A big project on a locomotive I had had for a while, with sounds of course, and even more this time.
This model is a reproduction of a Eurosprinter/Taurus locomotive from Siemens, property of HUPAC (a Swiss-based freight transport company). The model was built by Hobbytrain (now property of Lemke). It was however was sold under the Conrad brand in Germany, as an entry-price model.
My initial plan was to update the decoder to an ESU Lokpilot v4.0, and to update the lighting. The model only has one white led on each side; no red lights at all. Then I opened the locomotive, and my project became a sound install project. And then, just because I was waiting for my ESU Loksound v4.0 decoder parcel to arrive, I decided to try even better: driver’s cab lighting. The ESU Loksound has 4 function outputs. 2 are the usual front and rear lights. I usually leave the 2 other outputs unused. This time, I would try to use the decoder to the fullest.
At stake for this DIY project: a €49 locomotive… and a €89 decoder. Model railroading can be adventurous hobby!
Here is the locomotive. The electronic board had no NEM 651 plug, and the 2 basic white LEDs are clearly visible. The decoder I had built in a long time ago was a simple model from CT-Elektronik.
The lighting boards had to be attached to the roof section of the engine. I was wondering how to connect them to the engine (and the decoder). Wires are easy, but with little space available, they might prevent the correct closing of the case. So I decided two things:
I quickly built 2 small electronic boards, with SMD components. The LEDs are (super) small white leds, quite powerful with 200mcd (Conrad part no. 180479). As only real amateurs do, I used an online calculator to compute my resistor value. I ended up using 2 resistors per board – 470Ω + 51Ω – as I had them in stock (part nos 427802 & 427578). I added an diode as an extra precaution (140902). 200mcd is way too much. I’ll have to use the dim function of the decoder for the locomotive not to light up half of my train station.
Here are my 2 driving cabin lights, with my signature dirty soldering:
Installed and glued to the roof:
With the silver painting contacts:
For the contact between the roof section and the engine core, I’ll use small bits of electronics test boards, as I like to do. The small board on the locomotive body side will bear 3 flexible metal parts, the same used for the contact feeders for car lighting.
So finally the full roof, with cabin piece in place (hiding the boards):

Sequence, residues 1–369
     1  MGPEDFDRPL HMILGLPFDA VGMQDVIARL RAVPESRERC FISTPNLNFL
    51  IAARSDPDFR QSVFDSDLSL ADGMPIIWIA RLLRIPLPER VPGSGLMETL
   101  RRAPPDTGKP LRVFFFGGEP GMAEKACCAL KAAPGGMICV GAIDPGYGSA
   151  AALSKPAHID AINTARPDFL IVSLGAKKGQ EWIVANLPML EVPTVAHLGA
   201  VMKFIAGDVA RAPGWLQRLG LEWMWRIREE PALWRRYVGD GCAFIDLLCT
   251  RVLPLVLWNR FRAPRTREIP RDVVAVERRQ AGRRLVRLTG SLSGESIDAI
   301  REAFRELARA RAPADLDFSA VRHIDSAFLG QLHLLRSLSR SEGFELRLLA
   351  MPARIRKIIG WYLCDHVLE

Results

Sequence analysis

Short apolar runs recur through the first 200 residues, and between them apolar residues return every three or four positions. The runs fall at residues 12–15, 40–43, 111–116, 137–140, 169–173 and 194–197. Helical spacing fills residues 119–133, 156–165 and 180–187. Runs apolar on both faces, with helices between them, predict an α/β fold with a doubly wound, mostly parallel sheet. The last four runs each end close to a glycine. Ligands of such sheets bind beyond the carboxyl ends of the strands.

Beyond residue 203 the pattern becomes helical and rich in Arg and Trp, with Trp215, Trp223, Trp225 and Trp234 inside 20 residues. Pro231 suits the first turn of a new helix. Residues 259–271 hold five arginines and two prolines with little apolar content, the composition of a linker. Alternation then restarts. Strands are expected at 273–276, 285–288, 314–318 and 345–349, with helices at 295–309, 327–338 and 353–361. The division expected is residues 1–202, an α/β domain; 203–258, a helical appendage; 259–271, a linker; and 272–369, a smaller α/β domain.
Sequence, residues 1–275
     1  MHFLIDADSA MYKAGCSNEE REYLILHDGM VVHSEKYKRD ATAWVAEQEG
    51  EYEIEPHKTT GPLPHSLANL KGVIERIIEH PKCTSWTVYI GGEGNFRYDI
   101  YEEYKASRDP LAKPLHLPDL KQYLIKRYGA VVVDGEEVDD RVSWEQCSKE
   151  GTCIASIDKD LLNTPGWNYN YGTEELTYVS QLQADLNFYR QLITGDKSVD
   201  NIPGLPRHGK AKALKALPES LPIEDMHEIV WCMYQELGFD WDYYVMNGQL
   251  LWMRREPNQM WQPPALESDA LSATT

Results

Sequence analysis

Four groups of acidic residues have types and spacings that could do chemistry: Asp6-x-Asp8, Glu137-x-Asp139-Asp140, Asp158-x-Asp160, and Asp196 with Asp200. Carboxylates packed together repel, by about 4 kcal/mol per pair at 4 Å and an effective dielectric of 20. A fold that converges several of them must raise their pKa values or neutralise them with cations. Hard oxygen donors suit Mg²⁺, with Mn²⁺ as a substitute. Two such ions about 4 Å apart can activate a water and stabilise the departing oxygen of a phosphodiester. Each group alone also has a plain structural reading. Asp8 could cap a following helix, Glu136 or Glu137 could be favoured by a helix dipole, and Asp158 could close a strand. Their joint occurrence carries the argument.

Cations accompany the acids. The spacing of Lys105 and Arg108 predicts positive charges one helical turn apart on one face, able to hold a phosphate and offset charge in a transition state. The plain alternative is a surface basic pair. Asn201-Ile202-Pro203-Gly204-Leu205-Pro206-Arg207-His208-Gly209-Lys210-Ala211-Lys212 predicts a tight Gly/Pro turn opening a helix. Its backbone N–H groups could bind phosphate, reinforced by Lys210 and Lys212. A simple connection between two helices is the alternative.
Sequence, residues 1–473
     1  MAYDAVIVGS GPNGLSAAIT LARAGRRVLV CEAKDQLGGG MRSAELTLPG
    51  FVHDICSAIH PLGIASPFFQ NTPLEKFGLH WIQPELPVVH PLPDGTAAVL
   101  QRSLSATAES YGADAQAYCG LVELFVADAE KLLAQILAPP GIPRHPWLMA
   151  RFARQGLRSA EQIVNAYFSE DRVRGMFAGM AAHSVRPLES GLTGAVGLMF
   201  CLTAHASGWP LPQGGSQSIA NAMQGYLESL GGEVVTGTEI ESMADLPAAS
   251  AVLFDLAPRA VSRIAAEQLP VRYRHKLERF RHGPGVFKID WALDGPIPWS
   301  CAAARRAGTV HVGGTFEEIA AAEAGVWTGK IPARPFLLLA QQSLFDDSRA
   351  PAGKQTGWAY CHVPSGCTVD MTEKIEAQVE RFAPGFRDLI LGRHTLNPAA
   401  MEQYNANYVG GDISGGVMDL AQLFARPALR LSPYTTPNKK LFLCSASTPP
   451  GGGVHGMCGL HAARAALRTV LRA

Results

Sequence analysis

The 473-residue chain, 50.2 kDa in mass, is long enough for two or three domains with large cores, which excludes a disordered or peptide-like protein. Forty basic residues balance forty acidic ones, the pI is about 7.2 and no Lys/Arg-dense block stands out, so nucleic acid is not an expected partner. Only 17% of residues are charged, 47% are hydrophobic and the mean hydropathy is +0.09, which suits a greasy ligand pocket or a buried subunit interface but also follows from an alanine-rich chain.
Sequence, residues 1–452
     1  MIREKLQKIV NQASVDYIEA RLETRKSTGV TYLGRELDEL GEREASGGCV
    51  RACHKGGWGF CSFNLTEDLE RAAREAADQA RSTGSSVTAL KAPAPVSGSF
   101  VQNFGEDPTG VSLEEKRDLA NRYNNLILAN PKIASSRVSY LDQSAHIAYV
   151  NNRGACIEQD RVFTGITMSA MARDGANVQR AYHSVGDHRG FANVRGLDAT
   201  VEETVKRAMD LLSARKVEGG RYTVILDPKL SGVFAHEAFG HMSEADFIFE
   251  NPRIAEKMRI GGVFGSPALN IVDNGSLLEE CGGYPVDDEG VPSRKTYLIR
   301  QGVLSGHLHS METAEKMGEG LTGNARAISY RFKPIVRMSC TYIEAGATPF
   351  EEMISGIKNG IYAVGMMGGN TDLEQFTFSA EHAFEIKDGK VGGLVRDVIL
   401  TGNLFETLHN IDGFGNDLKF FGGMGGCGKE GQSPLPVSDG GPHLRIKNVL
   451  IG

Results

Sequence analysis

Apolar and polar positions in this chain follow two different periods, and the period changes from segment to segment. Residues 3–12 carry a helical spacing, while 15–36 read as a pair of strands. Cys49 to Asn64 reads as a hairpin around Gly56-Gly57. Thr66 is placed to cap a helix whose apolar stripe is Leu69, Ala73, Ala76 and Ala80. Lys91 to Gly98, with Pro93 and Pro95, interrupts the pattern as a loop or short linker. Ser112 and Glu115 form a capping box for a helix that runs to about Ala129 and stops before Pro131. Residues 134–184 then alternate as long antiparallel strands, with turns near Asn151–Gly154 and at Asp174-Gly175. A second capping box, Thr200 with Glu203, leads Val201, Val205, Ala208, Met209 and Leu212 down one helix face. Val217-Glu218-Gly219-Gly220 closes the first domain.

I was surprised how easy that was. The silver painting works very well (there was only one point I needed to repaint). I think I’ll try to install such driving cab lighting more often. Especially in EMUs/DMUs where room isn’t a problem.
So now, serious things. My usual ESU Loksound Micro v4.0 is not the smallest sound decoder around: 25.0 x 10.6 x 3.8 mm. The length is not so much of a problem, the issue is rather the height. Nearly 4 millimeters can be a lot in N-scale.
For a while, I considered trying the smallest N sound decoder around (as far as I know). The Ct-Elektronik SL-76 is only 16.7 x 7.7 x 2.3 mm… that’s a huge difference! On a side note: CT-Elektronik is a small Austrian-based company. The main engineer (and founder I think) is Mr. Tran. As a result those decoders are referred to as “Tran XXXX” or “CT-Elektronik XXXX”. Some resellers I have visited use CT-Electronik/Tran decoders for their good quality, and value for money. That includes Transmondia, my favorite shop when I lived in Paris (more on them on the Qinntopia blog). But in the end, I went for ESU. Despite good experience with CT-Elektronik products in the past, I like focusing on a single brand. Plus, I like the ESU decoder. I know how it works, I have the ESU Lokprogrammer to change the decoder sounds and configuration in a few clicks. Besides, it was hard to find any sound files for the Tran SL-76. ESU on the contrary has a lot of sound projects to download, including at least 2 for Taurus-class locomotives.
So I went for the ESU Loksound Micro v4.0, as usual. The price seems to have dropped by €20, which means you can find it for €89 (good news!). To accomodate the 4 mm thickness, I had to cut off part of the roof. A fake plastic grid was applied on the rooftop. This grid led the inside of the roof to be 1 mm lower than the rest. I removed the grid, clearing the inner part that would have come in the way of the decoder. The grid will still fit on the outside.
And here is the result. Again, I’ll learn to do things in a cleaner manner someday:
The last thing I needed to do was to make sure my loundspeaker would fit. In a similar installation described on the the German website 1zu160, it was placed under the locomotive, between the bogies. Sadly, this space in the Hobbytrain model is part of the lead core of the locomotive. It would have been a pain to cut. There was another space that was freed by the removal of the board. The space left by the huge 3mm white LED was exactly what I needed. I wasn’t sure how to make sure I’d still hear the sound. So I made 3 small holes in the roof, right where the pantograph is attached. They will be invisible once the pantograph back in place.